Could Patriots’ Newest Practice Squadder Have Playoff Role Vs. Bills?

Five years later, Cre'von LeBlanc is back in New England


January 13

In the summer of 2016, an undrafted rookie cornerback named Cre’von LeBlanc made a strong push for a Patriots roster spot. He wound up losing out to another UDFA, Jonathan Jones, who went on to become a key member of New England’s secondary.

Five years later, LeBlanc is back, signing with the Patriots on Tuesday. He’s only on the practice squad, but thanks to a poorly timed positive COVID test, he could have a role in Saturday night’s wild-card round matchup with the Buffalo Bills.

The same day the Patriots added LeBlanc, they placed starting corner Jalen Mills on the reserve/COVID-19 list, potentially rendering him unavailable for this weekend’s playoff game. Mills still could return before the weekend if he clears NFL protocols. But if he doesn’t, New England would be forced to replace a player who started 16 games and played 86.4% of defensive snaps during the regular season.

The veteran LeBlanc could factor into that equation.

“I think it’s great for us to add a guy like LeBlanc,” longtime safety Devin McCourty said Wednesday. “We know at any moment, if we need him to play, he can play at a high level.”

LeBlanc has appeared in 52 games in his NFL career, plus three playoff games. Most of those came with the Chicago Bears, who claimed him off waivers from New England on cutdown day 2016, and the Philadelphia Eagles, with whom he played 2 1/2 seasons from 2018 through 2020. The 27-year-old hasn’t seen any game action this season, but he spent training camp in a Patriots-esque defense with the Miami Dolphins, which McCourty said will help ease his reintegration.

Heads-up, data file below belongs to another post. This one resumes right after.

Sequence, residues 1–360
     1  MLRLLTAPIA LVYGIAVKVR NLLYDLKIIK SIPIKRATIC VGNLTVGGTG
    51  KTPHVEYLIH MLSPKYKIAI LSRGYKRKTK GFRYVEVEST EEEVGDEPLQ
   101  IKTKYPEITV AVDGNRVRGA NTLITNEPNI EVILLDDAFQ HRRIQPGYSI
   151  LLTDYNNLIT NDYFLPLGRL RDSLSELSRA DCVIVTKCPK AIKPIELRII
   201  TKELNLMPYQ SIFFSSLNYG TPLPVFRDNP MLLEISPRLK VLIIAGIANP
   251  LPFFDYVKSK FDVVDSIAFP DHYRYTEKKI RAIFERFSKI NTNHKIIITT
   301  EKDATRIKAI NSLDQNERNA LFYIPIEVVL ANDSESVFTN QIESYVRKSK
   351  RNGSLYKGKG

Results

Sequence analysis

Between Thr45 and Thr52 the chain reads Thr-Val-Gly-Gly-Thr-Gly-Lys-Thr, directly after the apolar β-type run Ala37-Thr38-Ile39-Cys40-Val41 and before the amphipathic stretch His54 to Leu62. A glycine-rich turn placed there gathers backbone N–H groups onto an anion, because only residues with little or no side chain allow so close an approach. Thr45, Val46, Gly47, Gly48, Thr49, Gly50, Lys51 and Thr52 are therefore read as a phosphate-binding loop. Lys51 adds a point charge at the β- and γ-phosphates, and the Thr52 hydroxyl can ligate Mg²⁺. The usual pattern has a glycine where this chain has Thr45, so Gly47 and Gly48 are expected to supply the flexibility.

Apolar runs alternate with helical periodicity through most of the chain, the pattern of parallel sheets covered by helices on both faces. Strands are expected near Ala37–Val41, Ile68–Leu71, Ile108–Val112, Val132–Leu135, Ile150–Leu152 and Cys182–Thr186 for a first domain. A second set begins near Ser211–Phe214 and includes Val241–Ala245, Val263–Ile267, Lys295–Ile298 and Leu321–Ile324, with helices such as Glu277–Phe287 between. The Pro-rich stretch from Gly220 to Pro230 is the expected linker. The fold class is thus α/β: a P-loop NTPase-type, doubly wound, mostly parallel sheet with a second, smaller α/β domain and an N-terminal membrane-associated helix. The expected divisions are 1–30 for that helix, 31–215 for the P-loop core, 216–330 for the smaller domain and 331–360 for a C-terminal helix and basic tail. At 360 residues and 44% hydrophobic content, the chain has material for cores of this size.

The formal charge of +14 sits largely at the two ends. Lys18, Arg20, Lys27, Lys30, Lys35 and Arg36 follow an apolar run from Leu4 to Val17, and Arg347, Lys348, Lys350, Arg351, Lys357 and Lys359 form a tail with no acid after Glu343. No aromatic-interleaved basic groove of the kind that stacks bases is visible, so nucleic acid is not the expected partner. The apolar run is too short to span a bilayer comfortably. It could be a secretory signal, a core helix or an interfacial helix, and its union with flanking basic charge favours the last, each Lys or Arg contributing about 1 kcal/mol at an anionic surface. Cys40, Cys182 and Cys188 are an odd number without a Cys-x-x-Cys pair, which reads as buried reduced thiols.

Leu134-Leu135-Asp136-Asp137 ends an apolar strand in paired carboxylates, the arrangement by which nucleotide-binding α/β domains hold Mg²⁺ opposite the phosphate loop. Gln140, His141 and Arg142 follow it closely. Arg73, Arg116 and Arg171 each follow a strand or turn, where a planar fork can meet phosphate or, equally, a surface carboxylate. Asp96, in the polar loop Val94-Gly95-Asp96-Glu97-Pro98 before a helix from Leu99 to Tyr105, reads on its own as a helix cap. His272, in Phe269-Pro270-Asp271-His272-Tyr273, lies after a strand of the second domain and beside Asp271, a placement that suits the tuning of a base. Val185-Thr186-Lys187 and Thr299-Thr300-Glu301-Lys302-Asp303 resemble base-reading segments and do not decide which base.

After being cut by Miami, LeBlanc spent the last several months with the Nick Caserio-led Houston Texans, who terminated his practice squad contract to allow him to sign with New England, per a report from Aaron Wilson of SportsTalk 790.

“He’s been in Miami, so it’s not like all of this stuff is foreign to him, some of the things we do,” McCourty said. “Obviously, it’s not all exactly the same, but some of the principles and things that we do, I’m sure there’s some crossover down there in Miami. So from him being in our system, then in Miami, then in Houston, he’s seen some familiar faces, and I’m sure there’s a little bit of crossover and he’ll be able to pick it up and, if we need him, go out there and perform at a high level.”

The Patriots have struggled throughout the Bill Belichick era to draft quality cornerbacks, but they’ve shown a rare knack for unearthing undrafted gems. Between 2014 and 2018, they signed Malcolm Butler, Jones, LeBlanc, Kenny Moore and J.C. Jackson, all of whom have gone to play in at least 50 NFL games. Butler, Moore and Jackson all made Pro Bowls, and Jones is one of the game’s better slot corners when healthy. Darryl Roberts, a 2015 seventh-round pick, also remains active in the league.